5 Ways To Make Sure You Don't Feel Lonely During Your Alone Time

Being lonely sucks.

You know what doesn't have to suck, though? Being alone. Because the two don't have to be one in the same.

Guys, I'm over the single girl sob story. I used to feel bad for myself about being single all the time until I finally realized, being unattached is a personal choice for me right now.

I still have hard days — when I feel isolated and wish I had a guy to come home to and cuddle with — but for the most part, I enjoy being on my own.

Although, my road to enjoying my alone time hasn't been easy. It took a lot of trial and error to figure out things I love to do and identify my triggers for feeling lonely. In the past, I tended to self-sabotage. But now, I love my space and time to myself.

Now, I want to help you figure out how to enjoy being alone. Here are five ways to be happy AF on your own:

1. Figure out what your passion is and make it a reality.

What's the thing that makes your heart beat out of your chest: Is it creating art? Helping people who are less fortunate than you?

There are a million excuses to not pursue these dreams — one of which can be waiting until you're in a relationship to get started on them.

Now, let's just say, for argument's sake, the love of your life trips and falls into a volcano and you never get to meet him. Do you want to look back on your life and realize, not only did you not find someone special, but you also didn't work hard enough at what you've always wanted to do?

That's what I thought.

So, during your alone time, make it a point to network with people who have similar career interests as you. It will make you feel a million times less lonely, and it will help make your dream more of a reality.

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2. Pay attention to and improve your friendships.

What baffles me are the people who enter relationships and suddenly go MIA, completely neglecting the friendships that once meant so much to them.

Being in a happy, healthy relationship is great and all, but if you don't also have friends you can count on, who are you going to lean on if and when your relationship gets tough?

And, who are you going to include in your bridal party?! You don't want to be that girl standing at the altar, looking around at a group of wedding guests that only include family members and her husband's BFFs because you totally abandoned your bestie.

Keep working on your friendships. When you're feeling lonely, don't hit up an ex — something you're bound to regret later on. Instead, call up your friends and see how they're doing.

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3. Use fitness as a meaningful activity.

I love setting fitness goals for myself because I can feel and see the progress. I go to the gym to build my strength, endurance and beat annoying physical plateaus.

But sometimes, when I work out by myself, I get lost in my thoughts and start to doubt my physical and mental abilities. That's why I've started working with a personal trainer twice a week. He always pushes me, and helps me feel less alone on my fitness track.

But that's just me. Maybe you're more of a workout class person. Or, you may meet a like-minded person at your gym who has similar fitness goals that you can start to train with.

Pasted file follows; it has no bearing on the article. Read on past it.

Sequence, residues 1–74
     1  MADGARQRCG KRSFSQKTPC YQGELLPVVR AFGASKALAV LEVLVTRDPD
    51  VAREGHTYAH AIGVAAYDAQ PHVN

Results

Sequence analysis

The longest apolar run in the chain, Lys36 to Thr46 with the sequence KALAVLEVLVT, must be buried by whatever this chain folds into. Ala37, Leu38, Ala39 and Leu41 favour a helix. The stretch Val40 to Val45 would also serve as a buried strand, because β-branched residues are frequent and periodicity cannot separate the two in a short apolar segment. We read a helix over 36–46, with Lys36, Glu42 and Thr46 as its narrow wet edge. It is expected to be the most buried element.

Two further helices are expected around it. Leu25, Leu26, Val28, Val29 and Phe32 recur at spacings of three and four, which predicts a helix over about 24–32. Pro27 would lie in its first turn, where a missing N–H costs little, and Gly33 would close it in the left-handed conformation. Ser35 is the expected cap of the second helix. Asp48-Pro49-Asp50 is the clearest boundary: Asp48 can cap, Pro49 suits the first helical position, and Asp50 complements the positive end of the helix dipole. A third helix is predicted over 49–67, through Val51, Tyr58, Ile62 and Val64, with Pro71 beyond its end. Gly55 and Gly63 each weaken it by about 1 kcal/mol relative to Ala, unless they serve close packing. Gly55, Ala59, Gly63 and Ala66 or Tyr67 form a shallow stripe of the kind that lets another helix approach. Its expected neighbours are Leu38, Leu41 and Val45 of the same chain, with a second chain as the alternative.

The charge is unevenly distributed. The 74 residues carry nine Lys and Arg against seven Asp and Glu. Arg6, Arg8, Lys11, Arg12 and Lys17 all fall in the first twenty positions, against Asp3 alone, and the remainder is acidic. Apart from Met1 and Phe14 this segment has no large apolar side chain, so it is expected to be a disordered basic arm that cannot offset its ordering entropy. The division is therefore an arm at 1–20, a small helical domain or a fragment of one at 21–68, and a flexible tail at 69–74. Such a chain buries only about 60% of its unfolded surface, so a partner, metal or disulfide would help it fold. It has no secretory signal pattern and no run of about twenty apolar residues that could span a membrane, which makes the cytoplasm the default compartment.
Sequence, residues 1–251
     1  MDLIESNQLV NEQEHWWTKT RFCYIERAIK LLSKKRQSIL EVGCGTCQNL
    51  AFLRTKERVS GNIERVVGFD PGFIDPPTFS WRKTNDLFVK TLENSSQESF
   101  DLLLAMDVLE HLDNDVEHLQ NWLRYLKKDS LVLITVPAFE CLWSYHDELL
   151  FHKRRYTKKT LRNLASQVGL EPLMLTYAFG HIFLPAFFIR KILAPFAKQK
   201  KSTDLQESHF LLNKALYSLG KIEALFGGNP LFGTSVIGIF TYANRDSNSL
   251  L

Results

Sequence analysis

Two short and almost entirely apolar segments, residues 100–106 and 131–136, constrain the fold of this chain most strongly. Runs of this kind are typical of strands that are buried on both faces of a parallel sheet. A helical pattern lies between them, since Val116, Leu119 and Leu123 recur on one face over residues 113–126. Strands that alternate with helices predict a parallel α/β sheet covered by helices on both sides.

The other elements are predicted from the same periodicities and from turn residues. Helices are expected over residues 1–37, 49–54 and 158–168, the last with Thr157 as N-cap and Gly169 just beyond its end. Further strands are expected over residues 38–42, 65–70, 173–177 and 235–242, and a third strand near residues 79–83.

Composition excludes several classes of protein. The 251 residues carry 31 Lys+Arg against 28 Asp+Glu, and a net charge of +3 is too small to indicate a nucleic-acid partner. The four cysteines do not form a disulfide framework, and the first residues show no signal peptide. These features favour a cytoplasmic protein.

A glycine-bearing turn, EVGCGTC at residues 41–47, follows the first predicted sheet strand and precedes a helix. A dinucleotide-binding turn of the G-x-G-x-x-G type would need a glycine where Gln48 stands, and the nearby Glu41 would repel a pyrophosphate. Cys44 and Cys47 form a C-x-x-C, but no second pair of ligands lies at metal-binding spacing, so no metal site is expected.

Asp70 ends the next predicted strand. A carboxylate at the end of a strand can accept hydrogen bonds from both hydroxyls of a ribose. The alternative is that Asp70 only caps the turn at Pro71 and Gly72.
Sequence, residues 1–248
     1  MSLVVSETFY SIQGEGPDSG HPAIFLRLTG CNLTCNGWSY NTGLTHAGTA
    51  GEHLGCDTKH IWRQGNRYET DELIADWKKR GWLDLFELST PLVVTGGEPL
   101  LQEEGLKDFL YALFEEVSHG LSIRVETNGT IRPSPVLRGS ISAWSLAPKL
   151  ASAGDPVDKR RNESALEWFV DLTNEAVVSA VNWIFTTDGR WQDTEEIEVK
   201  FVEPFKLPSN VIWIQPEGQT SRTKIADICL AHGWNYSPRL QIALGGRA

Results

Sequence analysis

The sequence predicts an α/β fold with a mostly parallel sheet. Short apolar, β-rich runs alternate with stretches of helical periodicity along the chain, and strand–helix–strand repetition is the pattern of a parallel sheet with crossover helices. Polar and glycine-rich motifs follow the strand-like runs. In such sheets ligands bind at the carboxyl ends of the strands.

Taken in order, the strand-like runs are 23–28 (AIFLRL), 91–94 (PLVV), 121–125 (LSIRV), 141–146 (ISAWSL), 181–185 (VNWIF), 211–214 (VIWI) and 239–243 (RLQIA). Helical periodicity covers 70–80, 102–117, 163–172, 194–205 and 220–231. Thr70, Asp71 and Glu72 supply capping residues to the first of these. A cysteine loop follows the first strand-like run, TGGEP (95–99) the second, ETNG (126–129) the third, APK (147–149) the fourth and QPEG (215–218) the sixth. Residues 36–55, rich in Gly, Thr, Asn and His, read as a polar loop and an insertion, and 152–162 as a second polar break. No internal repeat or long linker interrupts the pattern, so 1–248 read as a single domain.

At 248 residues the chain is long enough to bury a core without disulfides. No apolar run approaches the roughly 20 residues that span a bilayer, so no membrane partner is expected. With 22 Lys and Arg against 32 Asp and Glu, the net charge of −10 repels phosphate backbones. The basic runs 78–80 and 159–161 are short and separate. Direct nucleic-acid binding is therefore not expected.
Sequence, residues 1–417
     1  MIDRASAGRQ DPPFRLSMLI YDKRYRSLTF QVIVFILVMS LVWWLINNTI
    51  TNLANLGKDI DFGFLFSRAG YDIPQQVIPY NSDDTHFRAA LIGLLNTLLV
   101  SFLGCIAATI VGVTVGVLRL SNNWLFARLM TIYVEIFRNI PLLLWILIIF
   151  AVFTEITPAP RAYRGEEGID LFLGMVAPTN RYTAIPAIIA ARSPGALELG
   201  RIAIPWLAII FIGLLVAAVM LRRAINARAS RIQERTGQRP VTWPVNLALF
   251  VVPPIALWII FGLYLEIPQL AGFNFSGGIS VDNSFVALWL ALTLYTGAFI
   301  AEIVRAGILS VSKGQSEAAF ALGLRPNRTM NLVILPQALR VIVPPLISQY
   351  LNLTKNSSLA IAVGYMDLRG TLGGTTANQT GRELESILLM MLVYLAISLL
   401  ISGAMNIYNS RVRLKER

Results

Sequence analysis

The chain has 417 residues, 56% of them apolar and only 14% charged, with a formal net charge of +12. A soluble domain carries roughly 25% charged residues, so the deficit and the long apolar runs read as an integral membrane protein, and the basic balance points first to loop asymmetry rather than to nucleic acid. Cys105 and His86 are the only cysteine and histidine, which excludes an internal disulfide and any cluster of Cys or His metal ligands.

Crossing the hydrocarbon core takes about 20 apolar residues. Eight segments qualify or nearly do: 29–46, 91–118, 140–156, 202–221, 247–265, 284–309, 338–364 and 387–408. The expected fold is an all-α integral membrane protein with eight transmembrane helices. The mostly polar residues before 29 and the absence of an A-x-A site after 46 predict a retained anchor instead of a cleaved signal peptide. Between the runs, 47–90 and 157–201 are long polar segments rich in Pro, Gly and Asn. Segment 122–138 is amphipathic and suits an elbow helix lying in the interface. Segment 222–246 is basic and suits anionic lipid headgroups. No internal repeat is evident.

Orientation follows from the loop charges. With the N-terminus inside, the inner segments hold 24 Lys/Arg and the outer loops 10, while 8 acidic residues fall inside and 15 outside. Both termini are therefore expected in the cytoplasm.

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4. Work on achieving your long-term goals.

Look, it isn't easy to stay committed to stuff. Every New Year's Eve, I make a list of goals I want to achieve for myself by the end of that year. A typical list, for me, looks like this: Be better at keeping in touch with family, take care of yourself mentally and stop changing your mind about what you want to do with your life.

Every year, I fail at following through with most of these things, and that failure has contributed to my bouts of loneliness.

It wasn't until recently that I realized making a list of goals isn't the same as accomplishing them. You have to commit to being committed. For example, if that job opportunity doesn't just come your way on its own, take it upon yourself to job hun relentlessly, and don't stop until you get it.

Staying committed to your goals ensures that all of your free time becomes time well spent — and not idle moments where you just sit and lament your solo status.

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5. Allow yourself to feel lonely.

I once had a therapist tell me that aggressively fighting my loneliness is one of the most dangerous things I can do, since it can make me fall into a pattern of doing unhealthy things, like doing drugs or drinking, to numb those feelings out.

Instead, he advised me to sit with my loneliness. Allowing myself to feel it will ensure it passes, whereas not giving into the emotional state can make it linger for longer.

In other words, don't drink away your loneliness to distract yourself. Recognize that everyone feels lonely sometimes — Even people in relationships — and these moments are just a part of life. (FYI: Any relationship that always makes you feel lonely isn't the right one for you.)

So, don't be too hard on yourself. Some days you'll feel super energized to do tasks one through four on this list, and other days, you'll only be capable of doing number five. That's totally OK!

As long as you're focused on really and truly enjoying your alone time for what it is, you'll be too happy to worry or lament your solo status.